By Viviane Bablin (Taylor Rose MW) and Douglas Wotherspoon (9BR Chambers)
On 31 March 2023, Mr Justice Fordham allowed the appeal in Dobrowolski v Poland  EWHC 763 (Admin). The decision contains useful commentary on the relevance of time spent on remand and Polish early release provisions when viewed within the context of Article 8 of the European Convention of Human Rights (“Art. 8”). Dobrowolski also clarifies the position as to the admissibility of evidence contained in previous case law on matters of foreign law.
Poland sought Mr Dobrowolski’s surrender to serve a 34-month sentence for offences committed in 2012-13. The sentence was to commence in December 2014. In November 2014, the Appellant arrived in the UK. Regrettably, in September 2019, the Appellant fell down a flight of stairs and sustained extensive brain injuries.
Following his arrest in 2020, the Court refused to grant the Appellant bail. He remained in custody for the entirety of proceedings. At the first instance hearing in 2022, The Appellant relied on expert evidence from two psychiatrists to challenge his extradition under Art. 8 and s. 25 of the Extradition Act 2003. The first, Dr Brown, stated that, if surrendered, the Appellant’s suicide risk would be high. The second psychiatrist, Dr Cullen, diagnosed the Appellant with a depressive disorder and opined that his risk of suicide was significant. In March 2022, District Judge Calloway ordered the Appellant’s extradition.
In July 2022, Mrs Justice May, noting that the Appellant had by that point served 22 months of his sentence on remand in the UK, granted permission to appeal in relation to Art. 8 only.
The judgment addresses four key factors related to the Art. 8 balancing exercise: the Appellant’s mental health and suicide risk; the relevance of the time spent on remand; the prospect of early release in Poland; and the overall passage of time.
Mental health and suicide risk
By the time of the appeal hearing on 8 March 2023, the evidential picture had changed. The Appellant served an updated psychiatric report from Dr Brown. The report concluded that the Appellant’s mental condition had much improved: he had made a near full recovery from his head injury, his depressive symptoms were now mild, and his suicide risk was deemed to be low to moderate, but higher if extradited. The Judge found that the Appellant’s mental health and suicide risk were still a factor to be given weight in the balancing exercise.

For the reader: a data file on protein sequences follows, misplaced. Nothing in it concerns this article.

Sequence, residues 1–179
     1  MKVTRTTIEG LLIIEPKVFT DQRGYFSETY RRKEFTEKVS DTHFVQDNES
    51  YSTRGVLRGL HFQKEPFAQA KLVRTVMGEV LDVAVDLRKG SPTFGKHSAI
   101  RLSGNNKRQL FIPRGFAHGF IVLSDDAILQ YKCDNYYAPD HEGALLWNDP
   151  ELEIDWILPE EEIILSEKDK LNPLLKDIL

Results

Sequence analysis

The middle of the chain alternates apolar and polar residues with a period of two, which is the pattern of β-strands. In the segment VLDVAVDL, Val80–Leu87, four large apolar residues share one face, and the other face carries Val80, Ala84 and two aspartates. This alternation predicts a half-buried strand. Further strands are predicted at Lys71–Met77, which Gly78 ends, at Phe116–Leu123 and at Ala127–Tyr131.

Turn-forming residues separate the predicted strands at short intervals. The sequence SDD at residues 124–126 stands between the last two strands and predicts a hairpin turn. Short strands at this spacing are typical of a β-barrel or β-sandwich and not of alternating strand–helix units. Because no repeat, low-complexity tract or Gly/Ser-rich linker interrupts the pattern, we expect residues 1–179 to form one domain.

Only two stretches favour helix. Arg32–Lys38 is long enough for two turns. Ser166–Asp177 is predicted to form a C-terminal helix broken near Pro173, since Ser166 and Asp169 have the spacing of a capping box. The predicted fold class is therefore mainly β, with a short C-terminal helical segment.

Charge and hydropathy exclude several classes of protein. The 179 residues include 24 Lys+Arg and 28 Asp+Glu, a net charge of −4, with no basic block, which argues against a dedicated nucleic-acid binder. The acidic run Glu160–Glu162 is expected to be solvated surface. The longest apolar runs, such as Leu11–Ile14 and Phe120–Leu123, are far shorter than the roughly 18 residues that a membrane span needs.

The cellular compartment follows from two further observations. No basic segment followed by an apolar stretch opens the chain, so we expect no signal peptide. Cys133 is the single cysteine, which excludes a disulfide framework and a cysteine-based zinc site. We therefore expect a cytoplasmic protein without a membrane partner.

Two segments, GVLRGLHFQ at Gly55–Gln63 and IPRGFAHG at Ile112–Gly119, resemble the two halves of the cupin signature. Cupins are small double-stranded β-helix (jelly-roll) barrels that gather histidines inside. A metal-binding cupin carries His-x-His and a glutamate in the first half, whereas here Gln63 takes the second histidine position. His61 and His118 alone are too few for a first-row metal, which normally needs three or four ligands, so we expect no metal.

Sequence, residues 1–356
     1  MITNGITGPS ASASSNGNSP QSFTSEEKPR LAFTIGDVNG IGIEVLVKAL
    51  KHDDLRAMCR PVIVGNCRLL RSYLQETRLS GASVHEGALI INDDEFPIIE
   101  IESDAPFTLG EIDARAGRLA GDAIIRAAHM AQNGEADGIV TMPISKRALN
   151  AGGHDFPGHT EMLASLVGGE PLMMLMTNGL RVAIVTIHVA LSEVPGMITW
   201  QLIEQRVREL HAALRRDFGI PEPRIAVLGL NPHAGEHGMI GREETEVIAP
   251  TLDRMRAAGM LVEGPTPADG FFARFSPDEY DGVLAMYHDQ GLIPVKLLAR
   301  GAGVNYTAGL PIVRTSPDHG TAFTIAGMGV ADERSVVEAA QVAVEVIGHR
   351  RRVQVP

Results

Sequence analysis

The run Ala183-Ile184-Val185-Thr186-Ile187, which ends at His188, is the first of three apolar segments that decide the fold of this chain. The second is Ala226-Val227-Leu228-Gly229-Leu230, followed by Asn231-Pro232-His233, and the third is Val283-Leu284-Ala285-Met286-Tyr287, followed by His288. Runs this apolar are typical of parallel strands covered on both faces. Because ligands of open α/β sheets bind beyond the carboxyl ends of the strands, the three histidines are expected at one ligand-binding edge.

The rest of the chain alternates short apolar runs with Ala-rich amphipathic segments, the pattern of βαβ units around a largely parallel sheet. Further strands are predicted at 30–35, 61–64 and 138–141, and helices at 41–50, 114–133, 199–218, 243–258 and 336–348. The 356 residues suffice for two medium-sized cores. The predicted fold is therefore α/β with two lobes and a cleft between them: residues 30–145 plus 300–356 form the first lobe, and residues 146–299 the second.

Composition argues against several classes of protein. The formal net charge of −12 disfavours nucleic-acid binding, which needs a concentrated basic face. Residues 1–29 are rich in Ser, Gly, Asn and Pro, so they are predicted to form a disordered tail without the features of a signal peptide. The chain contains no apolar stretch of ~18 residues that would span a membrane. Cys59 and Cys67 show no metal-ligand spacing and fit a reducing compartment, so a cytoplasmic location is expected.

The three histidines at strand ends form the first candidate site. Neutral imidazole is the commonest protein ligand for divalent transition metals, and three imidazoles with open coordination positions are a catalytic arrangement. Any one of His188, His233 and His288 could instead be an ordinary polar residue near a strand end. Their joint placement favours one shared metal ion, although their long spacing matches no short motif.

Another change to the evidential picture was that, by the time of the Judgment, the Appellant had served 30 months of his 34-month sentence. The Court considered several previous decisions in which the time remaining to be served was equal to, or greater than, the term left to serve in the Appellant’s case (Gruszecki v Poland  EWHC 1920 (Admin); Chmura v Poland  EWHC 3896 (Admin); Kruk v Poland  EWHC 620 (Admin)).
It was argued that, in addition to looking at the time left to serve, the Court should also consider the proportion of the overall sentence already served, as, in the Appellant’s case, he had served 90% of his sentence (Chechev v Bulgaria  WHC 427 (Admin)).
Counsel for the Respondent, however, submitted that the English courts should respect the sentence imposed by the Issuing Judicial Authority (“IJA”), and that extradition may be proportionate even where only a short sentence remains to be served (Molik v Poland  EWHC 2836 (Admin)).
The Judge found that the 4-month remaining term and the proportion of the overall sentence served were both factors that mitigated against extradition in the balancing exercise. In doing so, the Court emphasised that the 34-month sentence imposed by the IJA had to be respected. Further, the time served point would not, on its own, have been enough to render extradition disproportionate; however, it was an important factor in the overall Art. 8 picture.